He also clearly relished the opportunity the story presented with the first Avengers film, with that script compelling Hiddleston to write a thank-you letter to writer/director Joss Whedon for giving him such a satisfying return for his first reprisal as the villainous Asgardian. Marvel has a somewhat spotted history of detaching certain people at inopportune moments, but as long as they can keep Loki interesting enough for Hiddleston, everyone wins: the studio, the actor, and most importantly, the audience. Sounds like a worthy effort.


If Hiddleston Goes…

Still, the reality that both fans and studios often have to face is that the same actor can’t play the same character for an indefinite amount of time. Even Hugh Jackman is passing the role of Wolverine onto someone else. After Ragnarok, Hiddleston may very well feel that he’s said all he cares to say with Loki, Marvel may feel that they want to go in a different direction, or there may be a combination of both. In that event, the comics actually provide a rather interesting perspective on where the character can go next:

Into the hands of a capable actress.

In the comics, after the events of the “Ragnarok” event, Loki actually hid inside the reborn body of Lady Sif, fusing he and the Earth Goddess’ appearances together to form a female version of the God of Mischief. In this form, Loki was just as manipulative as ever, taking advantage of the chaos left in the wake of Asgard’s destruction, and manipulating the line of succession to the Asgardian throne, and even joining the villainous Cabal — a new form of the Marvel Illuminati — led by Norman Osborn and featuring Namor and the Hood.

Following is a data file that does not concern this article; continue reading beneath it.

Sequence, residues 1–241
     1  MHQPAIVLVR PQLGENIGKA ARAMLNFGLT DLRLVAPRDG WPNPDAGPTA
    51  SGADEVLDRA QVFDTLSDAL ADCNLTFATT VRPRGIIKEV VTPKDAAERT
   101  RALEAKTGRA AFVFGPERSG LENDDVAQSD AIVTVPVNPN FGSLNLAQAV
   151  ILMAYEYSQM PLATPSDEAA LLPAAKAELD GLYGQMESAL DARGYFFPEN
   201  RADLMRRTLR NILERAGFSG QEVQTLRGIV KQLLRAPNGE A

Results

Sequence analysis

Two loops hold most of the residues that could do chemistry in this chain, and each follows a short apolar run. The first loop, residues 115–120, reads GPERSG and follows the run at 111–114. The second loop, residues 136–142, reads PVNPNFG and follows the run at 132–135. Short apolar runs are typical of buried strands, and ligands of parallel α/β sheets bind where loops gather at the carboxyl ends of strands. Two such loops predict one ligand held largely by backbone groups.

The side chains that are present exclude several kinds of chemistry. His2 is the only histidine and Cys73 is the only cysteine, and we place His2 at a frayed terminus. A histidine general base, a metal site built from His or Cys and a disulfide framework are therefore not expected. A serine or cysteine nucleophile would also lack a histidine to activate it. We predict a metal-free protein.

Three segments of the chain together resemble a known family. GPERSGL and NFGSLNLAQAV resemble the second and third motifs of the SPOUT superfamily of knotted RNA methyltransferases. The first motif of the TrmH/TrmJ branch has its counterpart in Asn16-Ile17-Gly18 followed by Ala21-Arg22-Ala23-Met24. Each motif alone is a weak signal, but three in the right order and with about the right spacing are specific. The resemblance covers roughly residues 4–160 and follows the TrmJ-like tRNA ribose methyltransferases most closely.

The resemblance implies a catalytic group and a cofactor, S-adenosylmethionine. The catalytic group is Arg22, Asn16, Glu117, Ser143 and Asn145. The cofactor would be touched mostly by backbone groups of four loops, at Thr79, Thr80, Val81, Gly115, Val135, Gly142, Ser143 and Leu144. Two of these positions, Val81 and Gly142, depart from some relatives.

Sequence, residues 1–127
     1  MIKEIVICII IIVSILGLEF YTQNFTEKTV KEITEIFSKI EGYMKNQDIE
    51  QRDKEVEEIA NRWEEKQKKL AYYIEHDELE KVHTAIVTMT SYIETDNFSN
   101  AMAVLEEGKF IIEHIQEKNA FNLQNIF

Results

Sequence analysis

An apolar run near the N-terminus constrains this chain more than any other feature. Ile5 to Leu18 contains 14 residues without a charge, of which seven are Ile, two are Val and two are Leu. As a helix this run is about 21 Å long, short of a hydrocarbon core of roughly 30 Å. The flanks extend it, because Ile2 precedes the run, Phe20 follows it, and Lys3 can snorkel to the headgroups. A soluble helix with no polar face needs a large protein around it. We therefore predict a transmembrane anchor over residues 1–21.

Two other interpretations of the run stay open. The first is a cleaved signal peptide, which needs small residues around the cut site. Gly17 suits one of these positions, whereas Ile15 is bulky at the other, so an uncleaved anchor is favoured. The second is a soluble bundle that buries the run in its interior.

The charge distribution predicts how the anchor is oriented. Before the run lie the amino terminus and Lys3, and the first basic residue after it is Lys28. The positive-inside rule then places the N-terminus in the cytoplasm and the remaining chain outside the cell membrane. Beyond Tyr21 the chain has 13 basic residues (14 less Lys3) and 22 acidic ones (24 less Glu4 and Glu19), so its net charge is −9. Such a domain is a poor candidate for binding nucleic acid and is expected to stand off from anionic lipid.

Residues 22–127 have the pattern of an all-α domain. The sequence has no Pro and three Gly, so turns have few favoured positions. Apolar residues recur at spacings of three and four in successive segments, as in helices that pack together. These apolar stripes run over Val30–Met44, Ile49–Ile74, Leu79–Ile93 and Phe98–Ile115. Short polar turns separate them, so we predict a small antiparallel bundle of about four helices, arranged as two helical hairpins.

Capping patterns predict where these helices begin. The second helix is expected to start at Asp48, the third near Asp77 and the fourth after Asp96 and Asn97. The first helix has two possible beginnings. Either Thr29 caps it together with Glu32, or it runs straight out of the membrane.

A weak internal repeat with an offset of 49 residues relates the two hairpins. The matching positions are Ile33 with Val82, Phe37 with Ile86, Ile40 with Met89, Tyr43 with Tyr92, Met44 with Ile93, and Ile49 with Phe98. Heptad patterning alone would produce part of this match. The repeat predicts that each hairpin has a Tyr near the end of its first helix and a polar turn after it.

While it’s unlikely that the story from the comics would be closely adapted, this material provides a fundamental reimagining and re-envisioning of Thor on-screen, and would likely be a bold and fresh direction to take with the character should Hiddleston decide to step away from the part. It also can’t be accused of being a deviation from the source material, since it happened first in the comics.


Loki is Still the Best MCU Villain

Whichever direction Loki ultimately goes, Marvel likely has some tough decisions to make regarding Loki if Hiddleston is ready to hang up the horned helmet. It won’t be easy to see someone else play the part if that’s the case — man or woman — but one thing simply cannot be denied: Tom Hiddleston has shepherded the most popular and interesting villain that the Marvel Cinematic Universe has put out thus far.

Because of that, either he or a successor has a great bit of material on which to base future exploits with the Asgardian God of Mischief. Hopefully we’ll get to see a lot of Hiddleston’s Loki in the years to come. If that’s not the case, though, I don’t think anyone can deny that he’s taken us on one hell of a ride.

Chris Clow is a geek. He is a gamer, a comic book expert and former retailer, as well as a freelance contributor to, The Huffington Post, and, as well as host of the Comics on Consoles podcast. You can find his weekly piece Comics on Film right here at Check out his blog, and follow along on Twitter @ChrisClow.